Global Resilience Solutions > 2016 > January

The Consciousness Trap

Every so often, as they have done for many decades, a distressingly orthodox neuroscientist feels the need to tell everyone that his subject is the ultimate answer to the great questions of life – by denying the very existence of consciousness itself.

Most recently, Michael Graziano’s article in The Atlantic, Consciousness Is Not Mysteriouscontinues this genre, rehashing the arguments that have been at the core of scientific orthodoxy ever since William James declared at the turn of the last century that “Consciousness is a process not a thing”- and are even further from being provable today than they were back then.

The Same Old Song

Consciousness, so the argument goes, is merely a byproduct of the brain’s attempt to describe its own activity in processing information. “Consciousness doesn’t happen,” Graziano writes. “It’s a mistaken construct. The computer concludes that it has qualitative experience because that serves as a useful, if simplified, self-model.” What we perceive as our own consciousness is simply an epiphenomenon of our physical brain. He also, of course, compares consciousness to other spiritually-inspired constructs that have since been disproven, such as the idea of light as a metaphysical force. We’ll get back to that.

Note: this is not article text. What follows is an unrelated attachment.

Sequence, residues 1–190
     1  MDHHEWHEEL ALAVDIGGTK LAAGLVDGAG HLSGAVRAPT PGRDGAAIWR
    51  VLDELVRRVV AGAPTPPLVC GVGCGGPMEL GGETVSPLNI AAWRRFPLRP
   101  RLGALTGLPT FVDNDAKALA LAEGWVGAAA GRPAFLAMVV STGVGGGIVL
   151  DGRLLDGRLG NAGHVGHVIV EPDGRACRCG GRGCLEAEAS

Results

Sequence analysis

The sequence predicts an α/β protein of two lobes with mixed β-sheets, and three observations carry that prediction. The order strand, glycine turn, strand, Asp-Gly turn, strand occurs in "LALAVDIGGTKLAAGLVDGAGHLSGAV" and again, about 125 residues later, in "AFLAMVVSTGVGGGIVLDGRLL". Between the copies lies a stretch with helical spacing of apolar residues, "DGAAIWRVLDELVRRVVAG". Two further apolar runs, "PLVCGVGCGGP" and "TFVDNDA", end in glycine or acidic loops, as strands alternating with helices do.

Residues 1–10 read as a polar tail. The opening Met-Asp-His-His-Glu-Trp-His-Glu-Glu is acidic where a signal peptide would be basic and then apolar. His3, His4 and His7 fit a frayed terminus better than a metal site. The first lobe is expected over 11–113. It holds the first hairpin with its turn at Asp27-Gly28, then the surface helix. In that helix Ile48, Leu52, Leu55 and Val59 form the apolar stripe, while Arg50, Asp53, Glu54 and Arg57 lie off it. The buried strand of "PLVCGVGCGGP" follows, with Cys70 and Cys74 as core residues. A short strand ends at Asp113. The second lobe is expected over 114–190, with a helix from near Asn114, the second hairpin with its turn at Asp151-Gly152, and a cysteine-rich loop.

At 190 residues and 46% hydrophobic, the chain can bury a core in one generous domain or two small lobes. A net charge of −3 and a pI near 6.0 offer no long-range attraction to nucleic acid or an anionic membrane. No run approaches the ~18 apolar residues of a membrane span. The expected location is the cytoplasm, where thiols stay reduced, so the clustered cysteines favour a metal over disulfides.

Escape from Scientific Orthodoxy

David Weisher trained as a neurologist at Georgetown after colourful careers in military software and deep-sea diving, and he also thoroughly subscribed to this bit of neuroscientific orthodoxy, having rejected religion early in life. When his patients recounted near-death experiences, he wasn’t perturbed, but proceeded to enlighten their ignorant minds by recounting the experiments of Dr. Penfield, founder of American neurosurgery, who was able to produce out-of-body sensations using electrical stimulation of the brain. He regaled them with the standard neurological explanations of their experiences. After all, he’d already had a near-death experience of his own which he had attributed to the same causes.